I think we can, and should. I shall close to-day, Gentlemen, with the most modest of perorations. In my first lecture before you, in January 1913, I quoted to you the artist in “Don Quixote” who, being asked what animal he was painting, answered diffidently ‘That is as it may turn out.’
The teaching of our language and literature is, after all, a new thing and still experimental. The main tenets of those who, aware of this, have worked on the scheme for a School of English in Cambridge, the scheme recently passed by your Senate and henceforth to be in operation, are three:—
The first. That literature cannot be divorced from life: that (for example) you cannot understand Chaucer aright, unless you have the background, unless you know the kind of men for whom Chaucer wrote and the kind of men whom he made speak; that is the national side with which all our literature is concerned.
The second. Literature being so personal a thing, you cannot understand it until you have some personal under-standing of the men who wrote it. Donne is Donne; Swift, Swift; Pope, Pope; Johnson, Johnson; Goldsmith, Goldsmith; Charles Lamb, Charles Lamb; Carlyle, Carlyle. Until you have grasped those men, as men, you cannot grasp their writings. That is the personal side of literary study, and as necessary as the other.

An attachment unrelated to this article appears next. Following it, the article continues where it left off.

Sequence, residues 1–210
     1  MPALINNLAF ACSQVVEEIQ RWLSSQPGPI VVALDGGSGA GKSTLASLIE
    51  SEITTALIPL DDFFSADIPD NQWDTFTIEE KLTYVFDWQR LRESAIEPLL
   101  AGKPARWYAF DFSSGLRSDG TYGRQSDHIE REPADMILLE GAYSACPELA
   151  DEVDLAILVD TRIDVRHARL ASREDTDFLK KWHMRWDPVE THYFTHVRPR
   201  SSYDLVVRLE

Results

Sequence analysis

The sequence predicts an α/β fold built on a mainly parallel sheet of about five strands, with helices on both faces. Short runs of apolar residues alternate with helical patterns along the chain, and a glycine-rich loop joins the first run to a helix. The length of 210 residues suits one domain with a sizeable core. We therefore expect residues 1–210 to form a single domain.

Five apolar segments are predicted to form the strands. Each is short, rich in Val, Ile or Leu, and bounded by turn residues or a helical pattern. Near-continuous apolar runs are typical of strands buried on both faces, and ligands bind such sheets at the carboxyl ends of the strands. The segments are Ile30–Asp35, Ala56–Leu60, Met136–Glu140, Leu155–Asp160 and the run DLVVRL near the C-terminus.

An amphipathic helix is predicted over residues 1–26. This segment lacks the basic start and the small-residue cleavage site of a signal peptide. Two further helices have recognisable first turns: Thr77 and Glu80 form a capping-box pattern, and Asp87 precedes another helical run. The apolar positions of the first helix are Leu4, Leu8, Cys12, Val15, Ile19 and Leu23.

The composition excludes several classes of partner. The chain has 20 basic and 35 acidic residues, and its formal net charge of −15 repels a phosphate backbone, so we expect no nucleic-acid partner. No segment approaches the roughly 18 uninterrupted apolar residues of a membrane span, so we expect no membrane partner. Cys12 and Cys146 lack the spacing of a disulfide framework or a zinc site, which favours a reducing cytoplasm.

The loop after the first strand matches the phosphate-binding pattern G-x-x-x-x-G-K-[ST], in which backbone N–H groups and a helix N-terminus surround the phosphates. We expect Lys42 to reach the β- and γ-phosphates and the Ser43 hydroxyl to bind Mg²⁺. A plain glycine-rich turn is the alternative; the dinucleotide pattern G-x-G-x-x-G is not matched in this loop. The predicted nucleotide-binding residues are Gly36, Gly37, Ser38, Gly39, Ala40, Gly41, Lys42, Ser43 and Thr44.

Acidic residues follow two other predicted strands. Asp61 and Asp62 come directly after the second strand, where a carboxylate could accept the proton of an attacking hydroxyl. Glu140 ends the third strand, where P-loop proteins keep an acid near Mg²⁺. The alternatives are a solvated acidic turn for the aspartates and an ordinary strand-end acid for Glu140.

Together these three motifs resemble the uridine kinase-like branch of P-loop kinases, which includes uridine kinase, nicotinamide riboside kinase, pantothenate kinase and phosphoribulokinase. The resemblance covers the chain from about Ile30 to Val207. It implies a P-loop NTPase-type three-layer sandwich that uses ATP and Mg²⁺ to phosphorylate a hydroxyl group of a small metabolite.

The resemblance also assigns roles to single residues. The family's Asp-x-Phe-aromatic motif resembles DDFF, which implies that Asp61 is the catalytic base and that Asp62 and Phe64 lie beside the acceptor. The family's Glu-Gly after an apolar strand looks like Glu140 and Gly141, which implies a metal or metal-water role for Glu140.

The third. That the writing and speaking of English is a living art, to be practised and (if it may be) improved. That what these great men have done is to hand us a grand patrimony; that they lived to support us through the trial we are now enduring, and to carry us through to great days to come. So shall our sons, now fighting in France, have a language ready for the land they shall recreate and repeople.
[Footnote 1: Donne’s Sermon II preached at Pauls upon Christmas Day, in the Evening. 1624.]
THE VALUE OF GREEK AND LATIN IN ENGLISH LITERATURE
I have promised you, Gentlemen, for to-day some observations on The Value of Greek and Latin in English Literature: a mild, academic title, a camouflage title, so to say; calculated to shelter us for a while from the vigilance of those hot-eyed reformers who, had I advertised The Value of Greek and Latin in English Life might even now be swooping from all quarters of the sky on a suggestion that these dry bones yet were flesh: for the eyes I dread are not only red and angry, but naturally microscopic—and that indeed, if they only knew it, is their malady. Yet ‘surely’ groaned patient job, ’there is a path which the vulture’s eye hath not seen!’
You, at any rate, know by this time that wherever these lectures assert literature they assert life, perhaps even too passionately, allowing neither the fact of death nor the possibility of divorce.